GK

Thanks, AndyJ

Prince of Darkness

Actually the US was once as poor as India is today. If I remember correctly from when I last checked, US had the same GDP per capita as India (PPP) in around 1880. So, India is around 125 years behind the US today.

India in 1970s was around where US was in 1776. So it was around 200 years behind then. So India is catching up at around 3x the speed with the rate going up in recent years.

GK

PoD,

Do you have a reliable source to back that up? I don't think the US ever had composite human indicators as low as India has today.

Plus, don't assume that India's (or China's) current rate of growth can persist when a high per-capita GDP is achieved. From the graph itself, note how Japan rose rapidly, but then tapered off as all the 'easy' growth was completed. South Korea is showing the same trend. China and India, too, will find it much harder to grow at 8% or 10% when, eventually, GDP per capita crosses $20,000. Thus, catching up to the US in per capita terms, is unlikely in the next 30+ years.

Why do you think the US (Japan, Britain, Australia, etc. are even lower) only grows at 3% a year despite having far superior economic policies, infrastructure, education, and technology diffusion mechanisms than developing regions? Because all the low and medium-hanging fruits are already consumed. After a certain point, growth only comes through technological breakthroughs..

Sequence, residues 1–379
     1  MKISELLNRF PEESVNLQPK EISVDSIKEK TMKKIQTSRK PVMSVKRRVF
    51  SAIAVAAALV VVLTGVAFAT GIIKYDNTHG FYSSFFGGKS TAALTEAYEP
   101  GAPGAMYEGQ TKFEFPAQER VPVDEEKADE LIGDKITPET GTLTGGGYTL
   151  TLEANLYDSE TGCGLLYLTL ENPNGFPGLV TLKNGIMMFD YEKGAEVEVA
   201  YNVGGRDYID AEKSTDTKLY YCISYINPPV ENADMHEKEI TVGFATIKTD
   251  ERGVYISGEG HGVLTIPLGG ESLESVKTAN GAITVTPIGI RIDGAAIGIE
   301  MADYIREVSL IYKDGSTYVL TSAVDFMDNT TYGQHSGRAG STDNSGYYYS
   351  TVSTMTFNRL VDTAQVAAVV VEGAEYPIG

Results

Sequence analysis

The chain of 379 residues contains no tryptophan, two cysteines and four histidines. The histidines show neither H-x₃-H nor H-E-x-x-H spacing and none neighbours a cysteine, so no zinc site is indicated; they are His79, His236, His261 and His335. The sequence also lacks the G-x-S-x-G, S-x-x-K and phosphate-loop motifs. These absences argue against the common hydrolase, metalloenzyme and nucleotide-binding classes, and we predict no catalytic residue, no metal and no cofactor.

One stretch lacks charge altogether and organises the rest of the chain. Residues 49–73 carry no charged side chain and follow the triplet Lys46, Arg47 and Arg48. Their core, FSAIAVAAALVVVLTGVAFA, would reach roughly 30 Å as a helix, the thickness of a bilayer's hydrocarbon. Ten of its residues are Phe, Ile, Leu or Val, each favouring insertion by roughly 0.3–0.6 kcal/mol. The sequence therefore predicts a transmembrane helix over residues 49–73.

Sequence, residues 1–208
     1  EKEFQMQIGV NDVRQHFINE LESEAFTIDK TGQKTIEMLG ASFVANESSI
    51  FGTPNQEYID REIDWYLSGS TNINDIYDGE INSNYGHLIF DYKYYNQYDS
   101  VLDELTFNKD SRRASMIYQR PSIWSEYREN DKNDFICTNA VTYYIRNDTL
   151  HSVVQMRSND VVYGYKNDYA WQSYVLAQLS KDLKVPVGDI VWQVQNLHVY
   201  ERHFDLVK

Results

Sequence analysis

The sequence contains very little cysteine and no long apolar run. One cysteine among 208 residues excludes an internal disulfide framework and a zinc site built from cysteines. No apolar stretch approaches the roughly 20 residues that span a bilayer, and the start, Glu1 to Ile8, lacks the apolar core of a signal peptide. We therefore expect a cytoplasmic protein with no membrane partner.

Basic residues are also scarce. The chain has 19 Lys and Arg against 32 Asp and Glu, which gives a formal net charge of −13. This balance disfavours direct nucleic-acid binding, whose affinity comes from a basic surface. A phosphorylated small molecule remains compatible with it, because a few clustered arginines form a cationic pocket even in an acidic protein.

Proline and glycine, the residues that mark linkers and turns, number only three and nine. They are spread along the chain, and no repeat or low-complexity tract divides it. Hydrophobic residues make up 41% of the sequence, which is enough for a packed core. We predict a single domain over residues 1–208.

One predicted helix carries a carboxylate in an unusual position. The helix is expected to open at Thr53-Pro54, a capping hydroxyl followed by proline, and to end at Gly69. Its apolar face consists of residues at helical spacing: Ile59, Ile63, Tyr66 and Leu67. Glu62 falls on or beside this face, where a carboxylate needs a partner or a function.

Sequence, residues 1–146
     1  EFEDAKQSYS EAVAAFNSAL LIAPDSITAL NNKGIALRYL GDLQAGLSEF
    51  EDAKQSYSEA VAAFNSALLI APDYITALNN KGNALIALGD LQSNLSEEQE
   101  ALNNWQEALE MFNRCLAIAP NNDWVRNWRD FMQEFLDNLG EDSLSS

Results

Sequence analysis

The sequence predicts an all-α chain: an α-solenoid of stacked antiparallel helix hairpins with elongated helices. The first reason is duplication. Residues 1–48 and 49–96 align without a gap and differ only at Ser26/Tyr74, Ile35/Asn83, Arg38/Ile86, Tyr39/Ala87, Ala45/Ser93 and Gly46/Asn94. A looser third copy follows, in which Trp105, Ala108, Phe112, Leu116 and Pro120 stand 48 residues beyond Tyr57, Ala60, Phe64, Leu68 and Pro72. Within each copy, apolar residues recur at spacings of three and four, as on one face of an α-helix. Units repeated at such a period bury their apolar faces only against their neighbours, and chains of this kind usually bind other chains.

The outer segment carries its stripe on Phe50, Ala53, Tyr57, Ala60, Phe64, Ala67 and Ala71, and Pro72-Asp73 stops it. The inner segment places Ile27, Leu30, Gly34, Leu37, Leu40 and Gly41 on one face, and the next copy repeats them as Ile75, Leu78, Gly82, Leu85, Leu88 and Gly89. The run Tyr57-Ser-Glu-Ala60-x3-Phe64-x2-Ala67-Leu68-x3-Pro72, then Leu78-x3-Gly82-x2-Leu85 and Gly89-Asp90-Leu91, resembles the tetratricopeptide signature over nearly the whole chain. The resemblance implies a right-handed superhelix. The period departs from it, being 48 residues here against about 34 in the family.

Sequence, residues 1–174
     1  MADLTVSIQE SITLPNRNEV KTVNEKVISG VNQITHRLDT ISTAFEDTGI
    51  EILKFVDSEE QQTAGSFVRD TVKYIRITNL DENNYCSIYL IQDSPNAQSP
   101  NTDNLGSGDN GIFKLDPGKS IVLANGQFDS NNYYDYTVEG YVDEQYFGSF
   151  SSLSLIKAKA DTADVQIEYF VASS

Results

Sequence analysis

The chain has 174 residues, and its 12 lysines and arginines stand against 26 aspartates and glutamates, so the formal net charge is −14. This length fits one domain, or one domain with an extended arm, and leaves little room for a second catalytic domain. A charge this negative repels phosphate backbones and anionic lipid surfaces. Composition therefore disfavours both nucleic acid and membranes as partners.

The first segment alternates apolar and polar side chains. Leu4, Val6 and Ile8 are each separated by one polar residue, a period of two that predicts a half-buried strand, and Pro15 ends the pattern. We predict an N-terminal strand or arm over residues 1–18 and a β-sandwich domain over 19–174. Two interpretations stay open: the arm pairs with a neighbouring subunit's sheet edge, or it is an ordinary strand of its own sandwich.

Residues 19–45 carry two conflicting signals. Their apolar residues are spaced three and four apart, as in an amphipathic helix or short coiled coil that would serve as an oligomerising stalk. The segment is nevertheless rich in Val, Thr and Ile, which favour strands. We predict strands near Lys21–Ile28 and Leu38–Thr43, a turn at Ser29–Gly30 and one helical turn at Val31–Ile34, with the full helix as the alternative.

Sridhar

Hmmm....a post filled with stupid self-loathing that doesn't even care to ponder over facts... US is in a deep economic dung-hole and will remain so for the foreseeable future, you yourself have predicted this downward trend and then, you are back with stupid rhetoric.

"India deserves pity, but also encouragement from America."

Ummm, yeah...no thanks, US needs India and China for it's own industries to grow, and also their consumers need Chinese and Indian help. toning down this stupid and classic anglo-saxxon arrogance might help in forming better relations with both India and China in the long-term future. Nobody needs your "pity", but we may have a talk if you are with us to do business. You see, your stupid jingoism sounds hollow when you are shown the facts, when are you are living in a bankrupt country that has no "clothes" to show of!!

So, Mr. GK, instead of this stupid hooliganism and over-optimism, maybe you should write why your great Amreeka is failing at almost every parameter in an economic system created by America and americans themselves.